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The Facts About Weight Loss Surgery

Weight loss surgery can be lifesaving for some people who have a lot of weight to lose and need more than diet and exercise. Depending on the operation, they often lose 30% to 50% of their extra weight within 6 months.

It's a big decision. You can’t eat as much afterward, and it takes a life-long commitment to diet and exercise to keep the pounds off. Because it’s major surgery, there are some risks, too.

You and your doctor should talk through the options and decide what’s right for you. First, you’ll want to know what to expect.

How Weight Loss Surgery Works

Some weight loss surgeries prevent the stomach from stretching to full size.

Normally, it can hold about 6 cups of food. After some operations, it can only hold a cup or so. You feel full faster, so you eat less and lose weight.

Some surgeries also bypass part of the intestine, so you absorb fewer calories and lose weight.

Today, most weight loss surgeries use small cuts -- known as “laparoscopic” surgery -- instead of a big one. The surgeon makes five to six of these small cuts in the belly. He inserts tiny tools and a camera through these holes, then operates while watching a video screen.

If that’s not possible, he may need to make one large cut along the middle of the belly.

Types of Weight Loss Surgery

Roux-en-Y Gastric Bypass Surgery

This is the most common weight loss surgery done today. First, the surgeon divides the stomach into two parts, one large and one small. He then staples the small stomach portion to make a small pouch.

Next, he disconnects the stomach pouch from the first part of the small intestine (the duodenum). Then he reconnects the stomach to the second part of the small intestine (the jejunum).This is the bypass.

After gastric bypass, you feel fuller after eating less food, so you lose weight. The bypass also makes you absorb fewer calories, so you drop more pounds.

Laparoscopic Adjustable Gastric Banding

This is the second most common weight loss surgery. The surgeon uses laparoscopic tools to place an inflatable silicone band around the upper stomach. He tightens the band so the stomach becomes a small pouch with a narrow outlet.

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The result is that you feel full faster, so you eat less and lose weight. The surgeon can tighten or loosen the band, or even reverse the procedure, as needed.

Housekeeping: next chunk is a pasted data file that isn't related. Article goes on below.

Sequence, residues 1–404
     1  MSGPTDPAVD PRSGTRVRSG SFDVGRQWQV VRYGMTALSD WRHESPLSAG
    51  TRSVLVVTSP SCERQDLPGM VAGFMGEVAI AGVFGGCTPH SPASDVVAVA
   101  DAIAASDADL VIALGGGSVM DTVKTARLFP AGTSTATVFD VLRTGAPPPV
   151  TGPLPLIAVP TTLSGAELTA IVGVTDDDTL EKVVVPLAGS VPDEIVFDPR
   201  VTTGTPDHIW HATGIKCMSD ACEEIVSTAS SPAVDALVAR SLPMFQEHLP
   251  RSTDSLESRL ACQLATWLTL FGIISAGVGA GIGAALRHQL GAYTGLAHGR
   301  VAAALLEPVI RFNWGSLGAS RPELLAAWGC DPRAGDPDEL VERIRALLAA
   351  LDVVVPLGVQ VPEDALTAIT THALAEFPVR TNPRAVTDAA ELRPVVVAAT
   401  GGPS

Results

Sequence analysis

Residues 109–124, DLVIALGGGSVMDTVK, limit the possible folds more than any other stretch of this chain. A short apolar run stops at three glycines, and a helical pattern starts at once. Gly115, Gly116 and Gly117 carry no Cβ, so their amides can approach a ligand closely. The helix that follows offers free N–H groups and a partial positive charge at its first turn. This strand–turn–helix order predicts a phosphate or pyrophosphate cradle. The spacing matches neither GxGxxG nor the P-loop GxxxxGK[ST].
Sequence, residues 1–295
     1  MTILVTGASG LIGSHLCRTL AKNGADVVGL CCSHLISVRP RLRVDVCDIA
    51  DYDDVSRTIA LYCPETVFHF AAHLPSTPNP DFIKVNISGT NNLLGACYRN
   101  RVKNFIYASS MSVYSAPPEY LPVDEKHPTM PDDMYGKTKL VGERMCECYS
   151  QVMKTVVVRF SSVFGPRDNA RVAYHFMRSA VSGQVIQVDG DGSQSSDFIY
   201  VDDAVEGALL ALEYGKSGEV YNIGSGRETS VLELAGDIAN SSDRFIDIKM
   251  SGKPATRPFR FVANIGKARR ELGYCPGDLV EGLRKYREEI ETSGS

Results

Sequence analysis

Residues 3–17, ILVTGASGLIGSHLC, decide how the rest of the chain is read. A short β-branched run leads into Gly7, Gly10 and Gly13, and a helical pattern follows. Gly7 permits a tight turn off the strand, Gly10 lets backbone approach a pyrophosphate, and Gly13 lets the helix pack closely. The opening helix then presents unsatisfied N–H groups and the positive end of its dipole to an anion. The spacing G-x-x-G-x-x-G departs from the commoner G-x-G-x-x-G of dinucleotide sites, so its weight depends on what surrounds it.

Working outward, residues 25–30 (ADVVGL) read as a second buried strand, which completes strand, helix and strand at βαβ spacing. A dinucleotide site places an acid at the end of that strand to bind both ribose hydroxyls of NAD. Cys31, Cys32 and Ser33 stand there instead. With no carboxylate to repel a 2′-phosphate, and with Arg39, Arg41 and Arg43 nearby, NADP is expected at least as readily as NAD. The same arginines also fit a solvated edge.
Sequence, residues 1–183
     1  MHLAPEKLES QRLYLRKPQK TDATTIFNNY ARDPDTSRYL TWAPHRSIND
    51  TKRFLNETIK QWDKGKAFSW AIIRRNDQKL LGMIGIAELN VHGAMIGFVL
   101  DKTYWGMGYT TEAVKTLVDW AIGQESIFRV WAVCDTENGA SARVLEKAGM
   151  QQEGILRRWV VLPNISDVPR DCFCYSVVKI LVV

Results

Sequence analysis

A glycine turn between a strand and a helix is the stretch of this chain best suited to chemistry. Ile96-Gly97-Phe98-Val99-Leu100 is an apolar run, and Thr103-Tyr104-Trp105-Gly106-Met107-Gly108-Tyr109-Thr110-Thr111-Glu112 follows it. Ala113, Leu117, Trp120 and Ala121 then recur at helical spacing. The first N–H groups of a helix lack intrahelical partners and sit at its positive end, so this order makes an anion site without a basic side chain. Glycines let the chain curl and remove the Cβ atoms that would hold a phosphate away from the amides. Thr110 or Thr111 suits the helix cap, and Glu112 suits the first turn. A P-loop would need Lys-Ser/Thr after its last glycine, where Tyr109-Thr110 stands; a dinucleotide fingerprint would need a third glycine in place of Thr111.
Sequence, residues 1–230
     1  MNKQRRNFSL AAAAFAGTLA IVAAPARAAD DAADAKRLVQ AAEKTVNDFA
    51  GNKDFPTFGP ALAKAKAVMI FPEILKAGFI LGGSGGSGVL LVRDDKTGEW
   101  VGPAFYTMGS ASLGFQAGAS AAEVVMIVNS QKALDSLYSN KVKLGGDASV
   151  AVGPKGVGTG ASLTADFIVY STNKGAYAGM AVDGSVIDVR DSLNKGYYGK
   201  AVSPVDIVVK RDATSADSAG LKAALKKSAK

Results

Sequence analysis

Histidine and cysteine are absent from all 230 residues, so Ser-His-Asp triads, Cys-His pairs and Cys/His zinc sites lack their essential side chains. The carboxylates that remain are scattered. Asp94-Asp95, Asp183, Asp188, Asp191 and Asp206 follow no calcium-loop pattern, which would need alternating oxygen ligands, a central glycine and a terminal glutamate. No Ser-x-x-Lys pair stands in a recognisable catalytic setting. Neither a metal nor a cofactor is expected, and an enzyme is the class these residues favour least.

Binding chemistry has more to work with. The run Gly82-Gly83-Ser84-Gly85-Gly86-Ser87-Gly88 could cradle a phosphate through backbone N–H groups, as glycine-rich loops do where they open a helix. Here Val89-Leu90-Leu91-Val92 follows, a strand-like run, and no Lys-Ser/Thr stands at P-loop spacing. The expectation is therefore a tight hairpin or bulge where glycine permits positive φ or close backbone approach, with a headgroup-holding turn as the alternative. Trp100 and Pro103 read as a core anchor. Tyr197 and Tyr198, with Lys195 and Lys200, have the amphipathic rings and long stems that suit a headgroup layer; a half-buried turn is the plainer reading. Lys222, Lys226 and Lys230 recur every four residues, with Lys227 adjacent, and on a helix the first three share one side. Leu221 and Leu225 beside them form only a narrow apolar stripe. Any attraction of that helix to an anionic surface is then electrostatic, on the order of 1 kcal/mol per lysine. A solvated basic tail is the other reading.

Gastric “Sleeve” Surgery

In this operation, your surgeon will take out most of your stomach and shape your remaining stomach into a tube, or “sleeve” shape. It will remain attached to your small intestine.

After the surgery, your stomach will be able to hold only about 2-3 ounces of food. You'll feel full sooner because your stomach is smaller. You also won't be as hungry because most of the tissue that makes the "hunger hormone," called ghrelin, will be gone.

This procedure is permanent. You cannot get it reversed.

Biliopancreatic Diversion

This operation is like Roux-en-Y gastric bypass, except that it connects the small stomach pouch farther down in the intestine. Few weight loss surgery centers do this type of surgery. It’s very effective, but it's hard to do, and it can leave you short on nutrients.

Vertical Banded Gastroplasty

The surgeon makes a small stomach pouch using staples and a plastic band.

People lose less weight with this operation than with other surgeries. This procedure isn’t as common as it used to be. Roux-en-Y gastric bypass and gastric banding have mostly replaced it.

What to Expect

Ask your doctor how much weight you're likely to lose and what you'll need to do to keep up the results. Expect to eat very small meals and get regular exercise.

Like any major surgery, there are risks. The most common complications include infections, minor bleeding, ulcers, or hernias. It's rare, but there can be life-threatening problems, such as blood clots, major bleeding, or serious infections. These risks may be higher at surgical centers that don’t do weight loss operations often.

Most people stay in the hospital 2 to 3 days after their surgery. They tend to get back to their normal activities within 2 to 3 weeks.

WebMD Medical Reference Reviewed by Michael Dansinger, MD on March 25, 2017

Sources

SOURCES:

American Society for Bariatric Surgery: "Rationale for the Surgical Treatment of Morbid Obesity," "Bariatric Surgery."

 Virji, A. American Family Physician, 2006.

Brethauer, S. Cleveland Clinic Journal of Medicine, 2006.

Cleveland Clinic: "Surgical Options for Extreme Obesity."

Buchwald, H. Journal of the American Medical Association, 2004.

Fisher, B. Obesity Surgery, 2004.

Kral, J. British Medical Journal, 2006.

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